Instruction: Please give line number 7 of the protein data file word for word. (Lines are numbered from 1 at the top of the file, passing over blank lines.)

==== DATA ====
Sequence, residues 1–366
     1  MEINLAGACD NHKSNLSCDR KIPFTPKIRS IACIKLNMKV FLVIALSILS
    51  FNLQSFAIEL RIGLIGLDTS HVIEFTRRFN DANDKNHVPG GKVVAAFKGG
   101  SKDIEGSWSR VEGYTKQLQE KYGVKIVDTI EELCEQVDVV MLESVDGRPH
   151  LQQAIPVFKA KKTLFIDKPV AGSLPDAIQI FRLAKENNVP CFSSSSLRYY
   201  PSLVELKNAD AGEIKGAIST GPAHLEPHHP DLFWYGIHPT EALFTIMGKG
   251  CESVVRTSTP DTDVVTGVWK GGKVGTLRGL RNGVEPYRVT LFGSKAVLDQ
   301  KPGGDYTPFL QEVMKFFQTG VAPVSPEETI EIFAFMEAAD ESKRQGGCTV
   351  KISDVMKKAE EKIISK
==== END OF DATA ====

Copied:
   251  CESVVRTSTP DTDVVTGVWK GGKVGTLRGL RNGVEPYRVT LFGSKAVLDQ